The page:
9 Art Portfolio Tips for Artists

The art portfolio means many things to artists. It's their trophy case, their pride and joy representing career achievements, and their stock in trade. Above all else, it holds the results of a lot of hard work. Because of this highly personalized nature, art portfolios are often an interesting but messy and often confusing collection of materials. It's very much in the artist's own interests to have a well organized, properly maintained, portfolio.

Portfolios Basics

Anyone who's ever attempted to live a normal life near the event horizon of an artist's work will appreciate how much work artists can produce. Whole rooms can disappear under roughs, sketches, mock-ups and other strange artifacts. To turn this situation into a survivable experience for artists and their environments, portfolios are the solution:

Materials: Each form of artwork has particular requirements for storage. When in a portfolio, unless properly stored, materials can deteriorate. It's important to keep each piece in a portfolio chemically stable. That means creating special containers and folders for all hard copy products. Create a dedicated storage space for your works.

Commercial products: The other great delineator of portfolio materials is their context as professional products. It's important to separate your works into contexts for portfolios. This allows artists to keep a "stable" of working products for use in commercial ventures.

Private materials: These materials should never be mixed with your commercial products. The private and personal works should have their own separate portfolios, which makes them easier to find and most importantly reduces their exposure to damage.

Copies of materials for job interviews: Whatever system you use for your portfolio, make sure you have good copies of all your important works. Originals should be kept safe and not exposed to any wear and tear. Use copies for commercial job interviews, unless unavoidable. Create a special all-purpose portfolio of your copies as an easy to handle source of materials for jobs.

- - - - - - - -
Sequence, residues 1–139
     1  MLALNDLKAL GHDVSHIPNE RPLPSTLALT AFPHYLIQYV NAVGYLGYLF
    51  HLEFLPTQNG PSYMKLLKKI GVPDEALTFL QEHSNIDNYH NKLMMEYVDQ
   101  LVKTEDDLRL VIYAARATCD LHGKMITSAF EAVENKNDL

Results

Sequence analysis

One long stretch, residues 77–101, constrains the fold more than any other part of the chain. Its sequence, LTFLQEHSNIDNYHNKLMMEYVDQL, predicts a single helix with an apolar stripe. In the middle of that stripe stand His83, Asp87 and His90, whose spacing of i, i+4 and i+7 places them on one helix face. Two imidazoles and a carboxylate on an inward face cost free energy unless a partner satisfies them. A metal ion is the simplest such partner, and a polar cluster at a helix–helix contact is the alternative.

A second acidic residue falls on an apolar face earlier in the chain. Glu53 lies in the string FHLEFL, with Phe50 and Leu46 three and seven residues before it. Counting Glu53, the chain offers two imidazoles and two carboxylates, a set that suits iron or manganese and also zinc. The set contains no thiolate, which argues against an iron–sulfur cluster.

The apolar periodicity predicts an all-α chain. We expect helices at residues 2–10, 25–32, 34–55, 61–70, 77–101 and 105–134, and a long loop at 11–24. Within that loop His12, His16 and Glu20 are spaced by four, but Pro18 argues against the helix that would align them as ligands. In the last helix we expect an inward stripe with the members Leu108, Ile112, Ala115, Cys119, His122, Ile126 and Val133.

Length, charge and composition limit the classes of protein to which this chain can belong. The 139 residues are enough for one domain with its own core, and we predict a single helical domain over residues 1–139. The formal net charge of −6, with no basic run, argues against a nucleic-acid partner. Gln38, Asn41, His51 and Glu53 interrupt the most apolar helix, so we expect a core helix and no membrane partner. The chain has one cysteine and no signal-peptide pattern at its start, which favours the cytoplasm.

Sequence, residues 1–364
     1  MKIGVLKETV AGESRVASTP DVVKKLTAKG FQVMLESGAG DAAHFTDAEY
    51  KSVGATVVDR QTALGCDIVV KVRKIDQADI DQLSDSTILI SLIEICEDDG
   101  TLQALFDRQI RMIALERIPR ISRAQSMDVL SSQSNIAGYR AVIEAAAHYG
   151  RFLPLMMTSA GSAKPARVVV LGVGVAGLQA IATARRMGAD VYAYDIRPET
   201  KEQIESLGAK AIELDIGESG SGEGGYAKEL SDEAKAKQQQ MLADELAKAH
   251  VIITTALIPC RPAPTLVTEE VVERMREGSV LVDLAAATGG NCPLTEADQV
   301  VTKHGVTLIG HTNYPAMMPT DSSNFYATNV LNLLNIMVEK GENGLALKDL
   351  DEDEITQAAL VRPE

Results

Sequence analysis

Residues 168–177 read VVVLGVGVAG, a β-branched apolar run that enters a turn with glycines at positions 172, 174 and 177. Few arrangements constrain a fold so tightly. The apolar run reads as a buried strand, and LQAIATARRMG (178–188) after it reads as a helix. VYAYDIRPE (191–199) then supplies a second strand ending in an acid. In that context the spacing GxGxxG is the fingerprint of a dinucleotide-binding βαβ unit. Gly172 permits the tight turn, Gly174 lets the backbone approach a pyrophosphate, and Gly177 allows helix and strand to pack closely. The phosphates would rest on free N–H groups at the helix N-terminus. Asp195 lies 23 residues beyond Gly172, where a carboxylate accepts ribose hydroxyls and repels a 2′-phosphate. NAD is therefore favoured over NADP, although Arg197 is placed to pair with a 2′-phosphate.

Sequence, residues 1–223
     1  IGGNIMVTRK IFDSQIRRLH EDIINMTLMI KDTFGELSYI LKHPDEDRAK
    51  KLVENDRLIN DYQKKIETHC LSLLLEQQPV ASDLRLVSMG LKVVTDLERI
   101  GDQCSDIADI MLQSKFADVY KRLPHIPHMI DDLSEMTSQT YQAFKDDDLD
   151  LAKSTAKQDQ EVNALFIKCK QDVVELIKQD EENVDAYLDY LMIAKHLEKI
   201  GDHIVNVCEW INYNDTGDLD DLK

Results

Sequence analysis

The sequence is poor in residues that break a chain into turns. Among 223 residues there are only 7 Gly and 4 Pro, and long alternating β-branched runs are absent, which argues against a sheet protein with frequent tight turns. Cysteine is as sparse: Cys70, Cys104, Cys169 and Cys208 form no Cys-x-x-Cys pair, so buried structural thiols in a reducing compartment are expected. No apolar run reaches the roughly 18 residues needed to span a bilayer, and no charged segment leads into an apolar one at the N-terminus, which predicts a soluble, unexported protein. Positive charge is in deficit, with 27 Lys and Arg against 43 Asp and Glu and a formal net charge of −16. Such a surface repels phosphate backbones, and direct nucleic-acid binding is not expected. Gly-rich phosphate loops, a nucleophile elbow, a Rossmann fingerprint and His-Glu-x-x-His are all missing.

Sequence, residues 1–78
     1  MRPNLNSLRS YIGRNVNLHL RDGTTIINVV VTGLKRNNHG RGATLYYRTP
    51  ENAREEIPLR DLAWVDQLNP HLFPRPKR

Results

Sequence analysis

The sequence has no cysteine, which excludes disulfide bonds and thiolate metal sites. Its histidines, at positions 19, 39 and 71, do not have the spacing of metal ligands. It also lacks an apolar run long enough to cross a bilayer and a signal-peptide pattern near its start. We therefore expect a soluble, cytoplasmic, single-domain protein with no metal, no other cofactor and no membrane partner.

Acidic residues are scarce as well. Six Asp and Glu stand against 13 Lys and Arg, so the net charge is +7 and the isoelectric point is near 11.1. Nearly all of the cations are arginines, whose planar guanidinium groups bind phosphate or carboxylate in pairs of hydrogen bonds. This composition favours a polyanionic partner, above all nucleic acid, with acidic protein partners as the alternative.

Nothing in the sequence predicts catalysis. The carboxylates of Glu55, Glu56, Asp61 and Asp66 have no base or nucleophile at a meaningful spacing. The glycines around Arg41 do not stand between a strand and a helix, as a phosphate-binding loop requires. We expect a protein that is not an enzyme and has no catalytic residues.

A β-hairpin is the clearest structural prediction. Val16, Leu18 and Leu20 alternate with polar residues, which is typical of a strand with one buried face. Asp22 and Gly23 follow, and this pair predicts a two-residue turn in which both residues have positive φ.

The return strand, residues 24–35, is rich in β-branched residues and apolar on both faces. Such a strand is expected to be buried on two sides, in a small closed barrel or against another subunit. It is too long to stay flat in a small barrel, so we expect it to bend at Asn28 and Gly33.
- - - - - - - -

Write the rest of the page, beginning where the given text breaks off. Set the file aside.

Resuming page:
Commercial Portfolio Management

It may take a while to sort everything out, but you can create your commercial portfolios pretty easily. This is an example of a commercial portfolio system:

Commercial Roughs portfolio: All the drafts, in folders, with notes, filed alphabetically.These are useful for explaining technical issues and production methods.

Commercial products portfolio: Current commercial content, in folders as above. Older works should be retired to a secondary portfolio where you can access them when required.

Commercial products copies portfolio: This is the ready to use version of the commercial products portfolio, available for any job opportunity. This "instant" portfolio saves a lot of time, because no extra work is require to prepare the materials for use.

Online Portfolios

Another potential menagerie of miscellaneous materials, the online portfolio must be kept in a coherent condition. The simplest management systems are the best:

File categories: Use a straightforward system, like Advertising, Posters, etc., so the type of work is obvious.

File names: Use client names with descriptors, like ABC Roses, DEF Spaghetti, whatever name's most effective as an identifier.

Artists always have their own preferred methods of doing things. Just make absolutely sure your portfolio system works reliably for you.